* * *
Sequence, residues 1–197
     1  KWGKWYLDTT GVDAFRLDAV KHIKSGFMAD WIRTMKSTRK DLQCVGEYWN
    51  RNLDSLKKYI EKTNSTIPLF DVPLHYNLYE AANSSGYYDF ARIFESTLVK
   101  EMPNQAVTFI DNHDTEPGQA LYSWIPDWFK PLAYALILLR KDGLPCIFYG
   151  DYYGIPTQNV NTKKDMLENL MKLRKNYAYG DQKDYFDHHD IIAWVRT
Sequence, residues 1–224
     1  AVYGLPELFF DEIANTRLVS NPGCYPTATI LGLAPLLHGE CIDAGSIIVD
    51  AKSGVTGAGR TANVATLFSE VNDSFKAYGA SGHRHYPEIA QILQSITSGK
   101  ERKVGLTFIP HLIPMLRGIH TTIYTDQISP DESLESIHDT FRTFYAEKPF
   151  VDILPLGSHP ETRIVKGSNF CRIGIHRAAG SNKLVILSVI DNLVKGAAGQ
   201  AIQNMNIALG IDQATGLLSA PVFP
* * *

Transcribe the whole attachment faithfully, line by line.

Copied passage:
Sequence, residues 1–197
     1  KWGKWYLDTT GVDAFRLDAV KHIKSGFMAD WIRTMKSTRK DLQCVGEYWN
    51  RNLDSLKKYI EKTNSTIPLF DVPLHYNLYE AANSSGYYDF ARIFESTLVK
   101  EMPNQAVTFI DNHDTEPGQA LYSWIPDWFK PLAYALILLR KDGLPCIFYG
   151  DYYGIPTQNV NTKKDMLENL MKLRKNYAYG DQKDYFDHHD IIAWVRT
Sequence, residues 1–224
     1  AVYGLPELFF DEIANTRLVS NPGCYPTATI LGLAPLLHGE CIDAGSIIVD
    51  AKSGVTGAGR TANVATLFSE VNDSFKAYGA SGHRHYPEIA QILQSITSGK
   101  ERKVGLTFIP HLIPMLRGIH TTIYTDQISP DESLESIHDT FRTFYAEKPF
   151  VDILPLGSHP ETRIVKGSNF CRIGIHRAAG SNKLVILSVI DNLVKGAAGQ
   201  AIQNMNIALG IDQATGLLSA PVFP